An expert panel on Wednesday blamed bad coordination as well as dithering by national governments and international organisations for the failure to tackle COVID-19 before it became a full-blown pandemic, as India’s death toll topped 250,000.
With a record 4,205 deaths in the past 24 hours in India, the variant stoking the country’s surge has now been detected in dozens of other countries across the globe.
Looking back to the earliest days of the pandemic, the Independent Panel for Pandemic Preparedness and Response (IPPPR) blamed a “toxic cocktail” of dithering and poor coordination for the more than 3.3 million deaths so far and untold economic damage.
Latest figures gathered by AFP from official sources showed almost 160 million confirmed cases worldwide by 1000 GMT Wednesday.
Early responses to the outbreak detected in Wuhan, China in December 2019 “lacked urgency”, with February 2020 a costly “lost month” as countries failed to heed the alarm, said the panel, convened at World Health Organization (WHO) members’ request.
Led by former Liberian president Ellen Johnson Sirleaf and former New Zealand prime minister Helen Clark, the body insisted that rich countries should provide one billion vaccines to the world’s poorest nations by September 1.
Vaccinations have helped to ease the pandemic crisis in the United States and Europe.
The European Commission on Wednesday upgraded its economic growth forecast for this year and 2022, to 4.2 and 4.4 percent, in part thanks to faster inoculations.
Vaccine frontrunner Britain reported a 2.1-percent jump in GDP in March as it gradually emerges from lockdown, while Spain said it was hoping to welcome 45 million tourists this year as the sector opens up.
Meanwhile many less well-off countries remain starved of vaccine doses.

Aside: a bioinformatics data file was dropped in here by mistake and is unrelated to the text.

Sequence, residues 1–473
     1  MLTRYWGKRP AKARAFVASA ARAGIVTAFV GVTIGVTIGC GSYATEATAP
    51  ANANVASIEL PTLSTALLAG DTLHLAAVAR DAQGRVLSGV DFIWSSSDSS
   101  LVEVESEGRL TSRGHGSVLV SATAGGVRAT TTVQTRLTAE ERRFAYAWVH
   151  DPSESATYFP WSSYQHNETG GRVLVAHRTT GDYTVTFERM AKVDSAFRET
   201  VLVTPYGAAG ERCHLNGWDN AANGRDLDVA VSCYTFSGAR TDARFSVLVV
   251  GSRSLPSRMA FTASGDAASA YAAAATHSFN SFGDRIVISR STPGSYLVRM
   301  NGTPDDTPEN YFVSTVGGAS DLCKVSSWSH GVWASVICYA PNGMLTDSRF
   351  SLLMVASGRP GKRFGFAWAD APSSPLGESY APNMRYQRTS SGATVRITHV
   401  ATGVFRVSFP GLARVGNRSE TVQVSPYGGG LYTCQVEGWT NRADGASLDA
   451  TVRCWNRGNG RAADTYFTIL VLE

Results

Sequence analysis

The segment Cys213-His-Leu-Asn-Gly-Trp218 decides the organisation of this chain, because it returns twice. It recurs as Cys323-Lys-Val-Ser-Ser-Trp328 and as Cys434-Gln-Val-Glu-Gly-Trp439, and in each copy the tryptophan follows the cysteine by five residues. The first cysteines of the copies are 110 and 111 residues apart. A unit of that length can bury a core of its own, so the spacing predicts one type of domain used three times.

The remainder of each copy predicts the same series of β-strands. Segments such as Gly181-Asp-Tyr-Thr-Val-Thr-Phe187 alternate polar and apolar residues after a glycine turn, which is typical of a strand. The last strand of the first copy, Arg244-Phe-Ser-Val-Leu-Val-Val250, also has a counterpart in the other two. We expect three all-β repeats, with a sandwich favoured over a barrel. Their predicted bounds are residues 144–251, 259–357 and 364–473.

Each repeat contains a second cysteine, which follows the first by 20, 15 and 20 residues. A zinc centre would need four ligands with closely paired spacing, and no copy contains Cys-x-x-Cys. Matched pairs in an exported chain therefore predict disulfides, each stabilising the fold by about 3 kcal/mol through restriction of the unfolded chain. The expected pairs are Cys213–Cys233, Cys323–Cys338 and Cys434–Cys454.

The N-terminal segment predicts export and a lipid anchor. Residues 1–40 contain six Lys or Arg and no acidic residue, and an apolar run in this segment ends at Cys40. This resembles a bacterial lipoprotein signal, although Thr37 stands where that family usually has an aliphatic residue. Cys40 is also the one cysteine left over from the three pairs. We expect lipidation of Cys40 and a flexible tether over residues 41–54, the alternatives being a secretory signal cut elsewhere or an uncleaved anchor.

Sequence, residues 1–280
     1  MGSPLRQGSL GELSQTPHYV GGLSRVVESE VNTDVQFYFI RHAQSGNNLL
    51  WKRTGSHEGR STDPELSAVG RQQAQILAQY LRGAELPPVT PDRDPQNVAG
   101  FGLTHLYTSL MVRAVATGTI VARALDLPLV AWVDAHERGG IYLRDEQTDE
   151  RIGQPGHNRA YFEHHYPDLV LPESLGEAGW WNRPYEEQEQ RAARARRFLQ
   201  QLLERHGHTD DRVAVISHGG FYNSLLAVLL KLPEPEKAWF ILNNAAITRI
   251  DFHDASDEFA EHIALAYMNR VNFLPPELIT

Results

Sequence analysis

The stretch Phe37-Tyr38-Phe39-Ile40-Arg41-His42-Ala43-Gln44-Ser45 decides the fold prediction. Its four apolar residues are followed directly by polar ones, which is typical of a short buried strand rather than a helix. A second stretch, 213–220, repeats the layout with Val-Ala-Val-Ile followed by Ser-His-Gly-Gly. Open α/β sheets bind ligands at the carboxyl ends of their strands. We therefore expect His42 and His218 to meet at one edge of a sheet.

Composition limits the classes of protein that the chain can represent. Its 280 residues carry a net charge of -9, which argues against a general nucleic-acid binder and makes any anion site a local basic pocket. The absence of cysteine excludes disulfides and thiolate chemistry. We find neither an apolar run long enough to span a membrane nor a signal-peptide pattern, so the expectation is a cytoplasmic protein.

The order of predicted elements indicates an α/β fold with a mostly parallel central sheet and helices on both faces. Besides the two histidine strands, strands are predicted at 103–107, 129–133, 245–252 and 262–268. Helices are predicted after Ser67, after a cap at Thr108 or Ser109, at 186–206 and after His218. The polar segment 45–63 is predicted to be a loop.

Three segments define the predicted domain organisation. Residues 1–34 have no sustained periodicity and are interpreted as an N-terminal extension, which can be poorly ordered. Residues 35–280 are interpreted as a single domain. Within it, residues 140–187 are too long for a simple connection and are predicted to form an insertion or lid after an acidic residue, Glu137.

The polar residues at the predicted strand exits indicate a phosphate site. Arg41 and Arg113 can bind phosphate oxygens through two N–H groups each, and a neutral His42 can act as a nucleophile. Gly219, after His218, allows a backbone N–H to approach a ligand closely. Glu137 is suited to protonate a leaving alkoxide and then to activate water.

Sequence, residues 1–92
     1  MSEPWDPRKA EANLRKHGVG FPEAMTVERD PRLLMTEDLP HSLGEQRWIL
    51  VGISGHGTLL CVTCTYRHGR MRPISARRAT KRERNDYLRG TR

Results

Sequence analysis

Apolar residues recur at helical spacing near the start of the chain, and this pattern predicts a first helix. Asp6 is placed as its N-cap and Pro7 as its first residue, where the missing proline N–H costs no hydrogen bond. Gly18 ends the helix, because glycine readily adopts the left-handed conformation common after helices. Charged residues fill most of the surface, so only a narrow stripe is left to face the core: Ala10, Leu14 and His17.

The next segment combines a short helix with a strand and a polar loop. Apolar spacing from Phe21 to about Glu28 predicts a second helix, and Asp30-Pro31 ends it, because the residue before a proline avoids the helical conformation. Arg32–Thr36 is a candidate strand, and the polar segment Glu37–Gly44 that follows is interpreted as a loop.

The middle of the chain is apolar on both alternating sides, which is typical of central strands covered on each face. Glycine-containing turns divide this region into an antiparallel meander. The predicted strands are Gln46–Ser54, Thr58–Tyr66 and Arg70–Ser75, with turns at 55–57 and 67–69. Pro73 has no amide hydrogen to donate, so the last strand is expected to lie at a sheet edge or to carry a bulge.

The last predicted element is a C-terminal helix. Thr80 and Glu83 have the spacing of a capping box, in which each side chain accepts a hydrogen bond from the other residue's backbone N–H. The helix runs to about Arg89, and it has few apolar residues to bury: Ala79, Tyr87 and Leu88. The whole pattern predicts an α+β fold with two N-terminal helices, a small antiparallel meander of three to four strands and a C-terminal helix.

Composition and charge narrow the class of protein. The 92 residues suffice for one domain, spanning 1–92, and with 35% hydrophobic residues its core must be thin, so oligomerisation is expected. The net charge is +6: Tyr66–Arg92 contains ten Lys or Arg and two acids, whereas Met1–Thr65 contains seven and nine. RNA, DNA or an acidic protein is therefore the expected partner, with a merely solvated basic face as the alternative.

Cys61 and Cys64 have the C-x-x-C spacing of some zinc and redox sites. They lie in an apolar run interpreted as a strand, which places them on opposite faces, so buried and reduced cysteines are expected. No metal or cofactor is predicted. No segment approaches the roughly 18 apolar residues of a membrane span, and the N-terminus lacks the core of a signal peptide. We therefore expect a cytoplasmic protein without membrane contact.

Pointing to “unwillingness to tackle inequalities” as a key factor worsening the pandemic, the IPPPR said intellectual property rights for the shots should be waived if doses are not delivered by September.
US President Joe Biden on Tuesday said almost half of world leaders had called Washington for vaccination help, after the country’s inoculation drive helped throttle an outbreak that has killed more than 500,000 Americans.
“Every country in the world is now looking at us to provide for their lack of capacity to produce and/or have vaccines,” Biden told a virtual meeting with US state governors.
“We’re going to try.”
Biden pledged last month to distribute 60 million AstraZeneca doses, with India expected to be a recipient.
For now India is struggling even to count the dead, with many experts saying official figures—254,197 killed so far—must be an underestimate.
“Even three to four times would be an underestimate,” Anant Bhan, an independent health policy and bioethics researcher, told AFP.
India’s underfunded health system has left hospitals and crematoriums overwhelmed, and many COVID-19 deaths are not properly recorded.
Bodies being burnt in car parks and other public places have highlighted the scale of the crisis.
Bodies have also been seen floating down the holy Ganges river—71 in northern state Bihar alone—stoking concerns that the virus is now raging in India’s vast rural hinterland where two-thirds of people live, and where health care is patchy.
Huge political rallies and religious events that attracted millions of people over recent months are two key factors being blamed for India’s crisis.
A variant of the virus called B.1.617, which was first detected in India in October, is another.
Many nations have shut their borders to travellers from India in a bid to stop the variant from reaching their shores.
But it has spread to at least 44 nations, the WHO said Tuesday, with Britain detecting the most cases of he variant outside India.
The organisation this week declared the strain a “variant of concern”, placing it alongside three others that were first detected in Britain, Brazil and South Africa.
Meanwhile reports of rare blood clots have continued to hobble rollouts of the AstraZeneca vaccine, with some Brazilian states suspending its use in pregnant women after a reported death.
Slovakia, as well as Canada’s most populous province Ontario, also suspended its use for first doses, citing new data showing increased risks of blood clots.
The EU executive also announced it was suing AstraZeneca to force the British-Swedish pharmaceutical group to deliver 90 million more doses of the vaccine before July, after a bitter row over delivery shortfalls.
In contrast to the supply problems in Europe, the tiny Pacific nation of Nauru announced it had become the first country to have vaccinated its entire adult population—albeit fewer than 8,000 people.
It used AstraZeneca doses supplied as part of the global Covax programme aimed at boosting immunisation in poorer nations.
Meanwhile Japan said it would vaccinate all its Olympic athletes ahead of the Tokyo Games, leapfrogging the general population, in a reverse of earlier promises.